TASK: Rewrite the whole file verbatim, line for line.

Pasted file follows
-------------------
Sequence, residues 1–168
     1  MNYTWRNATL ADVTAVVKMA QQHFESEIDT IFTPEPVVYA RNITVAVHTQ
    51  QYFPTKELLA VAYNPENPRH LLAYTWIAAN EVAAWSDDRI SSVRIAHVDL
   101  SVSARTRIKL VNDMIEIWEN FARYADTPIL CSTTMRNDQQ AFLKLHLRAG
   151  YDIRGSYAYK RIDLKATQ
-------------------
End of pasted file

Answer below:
Sequence, residues 1–168
     1  MNYTWRNATL ADVTAVVKMA QQHFESEIDT IFTPEPVVYA RNITVAVHTQ
    51  QYFPTKELLA VAYNPENPRH LLAYTWIAAN EVAAWSDDRI SSVRIAHVDL
   101  SVSARTRIKL VNDMIEIWEN FARYADTPIL CSTTMRNDQQ AFLKLHLRAG
   151  YDIRGSYAYK RIDLKATQ